The 2012 presidential campaign has become a dog-eat-dog contest. For months, Obama campaign operatives sought to make an issue of Mitt Romney carrying his Irish setter Seamus in a rooftop dog carrier during a family vacation in 1983. Some major media outlets picked up the non-story, and the Obama campaign buttressed it with an endless series of snarky tweets and barbs. The liberals are chasing their tails with this tale.
On Tuesday, the Daily Caller’s Jim Treacher juxtaposed the Seamus story with a passage from President Obama’s book “Dreams From My Father: A Story of Race and Inheritance,” in which he describes eating dog meat while growing up in Indonesia. The message Democrats were trying to establish was that Mr. Obama was kinder to dogs. The book snippet supplied the rejoinder: At least Mr. Romney never ate one.
On its face, the dog-eating anecdote is just as much a non-story as the adventures of Seamus. But it exploded over social media and Twitter, and within hours, even mainstream-media news hounds picked it up. Man bites dog is always news. It’s the kind of story that lingers, a humorous situation that lends itself to endless one-liners. (“Why are there no more Blue Dog Democrats? Obama ate them.”)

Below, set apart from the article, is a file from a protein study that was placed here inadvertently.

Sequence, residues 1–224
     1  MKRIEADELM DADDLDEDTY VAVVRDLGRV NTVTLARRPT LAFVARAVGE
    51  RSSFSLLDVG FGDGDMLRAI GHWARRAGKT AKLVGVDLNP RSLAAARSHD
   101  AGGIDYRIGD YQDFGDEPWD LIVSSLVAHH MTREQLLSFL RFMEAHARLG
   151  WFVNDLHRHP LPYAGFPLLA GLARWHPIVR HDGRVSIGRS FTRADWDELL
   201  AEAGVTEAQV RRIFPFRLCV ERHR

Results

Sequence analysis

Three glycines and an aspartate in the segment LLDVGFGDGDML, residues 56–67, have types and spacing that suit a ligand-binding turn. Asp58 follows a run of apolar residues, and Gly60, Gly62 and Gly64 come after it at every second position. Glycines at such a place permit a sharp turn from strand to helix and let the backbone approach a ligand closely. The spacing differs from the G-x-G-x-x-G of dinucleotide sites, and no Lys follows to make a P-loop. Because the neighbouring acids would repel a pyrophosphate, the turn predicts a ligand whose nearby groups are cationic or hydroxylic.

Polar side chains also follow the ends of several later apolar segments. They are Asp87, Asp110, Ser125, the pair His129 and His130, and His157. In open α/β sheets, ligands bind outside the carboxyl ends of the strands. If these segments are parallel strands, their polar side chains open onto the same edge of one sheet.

The Obama campaign is struggling to come up with a strong response, but nothing seems to stick. It can say the dog-eating took place when Mr. Obama was a child, that it was in a different culture or that the first family has not prepared dog in the White House. However, it cannot escape the ick factor, which will hound it until November. Now the Obama campaign will have to call off the dogs on Mr. Romney. Bo, the White House pooch, will have to retreat to an undisclosed doghouse until Election Day. Mr. Obama won’t be able to eat hot dogs in public. Meanwhile, online spoofs (“Dog: the other White House meat”) and canine recipes are spreading faster than you can say “fetch.”
This piles on to a recent run of bad news for the Obama campaign: the war on moms (which also was a liberal self-inflicted wound), investigations of wasteful spending at the General Services Administration, the Secret Service prostitution scandal, and the dispute between the White House and the secretary of defense over whether there was a deal to fly Secretary Leon E. Panetta back to California every weekend at $32,000 of taxpayer money per trip. All of these stories undermine confidence in government and the White House.
Dining on dogs shouldn’t be a bigger bone of contention than Mr. Obama accruing $5 trillion in new public debt, high unemployment, anemic economic growth, a foreign policy in shambles and a growing sense that there is no future for America. But as a news story, it is the top dog, at least for now. The old saying goes that if you want a friend in Washington, get a dog. Just don’t eat it.
The Washington Times